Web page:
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Paynesville Press - February 22, 2006

Father Garvey to become monsignor this Sunday

By Michael Jacobson

Father Francis Garvey will receive the title of monsignor in the Roman Catholic Church on Sunday afternoon in New Ulm. His parish, The Church of Our Lady in Mannanah, will host an open house for him on Sunday night in the parish center from 6 to 8 p.m.

Father Francis Garvey Garvey, who grew up on a farm about three miles from Mannanah and was raised at The Church of Our Lady, is one of five priests in the New Ulm Diocese who will be given the title of monsignor during the Conferral of Ecclesiastical Honors on Sunday.

Monsignor is a title of honor in the Roman Catholic Church that must be approved by the pope and can be given to priests to recognize their service to the church.

"It's simply a title of honor," said Father Garvey. "It could be given to any priest."

While Father Garvey is grateful for the New Ulm bishop to recognize his work, he is quick to note that other priests, such as Fathers Leo and Richard Leisen, serving Roscoe, Lake Henry, and Spring Hill (Leo) and Paynesville (Richard), as just as deserving. "Maybe Bishop Kinney (in the St. Cloud Diocese) will get the bug, too," said Father Garvey.

Father Garvey learned about the award in early December, when he and the other four recipients were called to a lunch meeting with the bishop in New Ulm. "We didn't know why we were invited," he said. "I didn't know what in the world I was driving down to New Ulm for that day."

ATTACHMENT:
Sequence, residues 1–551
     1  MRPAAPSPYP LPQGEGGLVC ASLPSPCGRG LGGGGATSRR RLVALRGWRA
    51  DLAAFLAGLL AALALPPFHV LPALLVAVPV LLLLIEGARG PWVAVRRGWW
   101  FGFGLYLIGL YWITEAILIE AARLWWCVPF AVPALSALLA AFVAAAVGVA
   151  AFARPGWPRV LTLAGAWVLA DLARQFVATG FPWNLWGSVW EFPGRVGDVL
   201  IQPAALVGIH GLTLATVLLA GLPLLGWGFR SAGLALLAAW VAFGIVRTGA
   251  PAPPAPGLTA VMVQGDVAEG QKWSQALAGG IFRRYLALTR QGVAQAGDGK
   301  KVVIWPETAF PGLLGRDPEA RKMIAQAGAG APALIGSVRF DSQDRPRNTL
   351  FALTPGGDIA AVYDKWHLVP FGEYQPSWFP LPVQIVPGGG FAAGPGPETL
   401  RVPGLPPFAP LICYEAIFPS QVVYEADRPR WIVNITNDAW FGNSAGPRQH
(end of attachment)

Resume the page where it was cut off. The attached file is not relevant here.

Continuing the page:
Father Garvey can trace his family in Mannanah back to 1876. He was baptized and received his first communion at The Church of Our Lady in Mannanah.

After graduating from Eden Valley High School in 1950, he attended seminary in St. Paul. He took his vows as priest on Feb. 22, 1959, and now has served 47 years in the church.

His longest stint was 39 years as the chaplain at the Willmar Regional Treatment Center. He also served 34 years at St. Patrick's Catholic Church in Kandiyohi. (He also taught at New Ulm Cathedral and has served St. Anthony's Catholic Church in Watkins and St. Phillip's Catholic Church in Litchfield.)

In August, he will have served ten years at The Church of Our Lady.

"It's unusual to be back here in the home church," he admitted, "but it worked out."

The Church of Our Lady, according to a recent census, has 246 households and 623 parishioners. Father Garvey calls the congregation "tremendously dedicated."

Serving his home parish is a joy, said Father Garvey, who likes being back home and being with relatives and people he has known his entire life. The title of monsignor, he added, is a celebration of the parish, as well as his ministry. "I think it's an honor for them as well as for myself," he explained.

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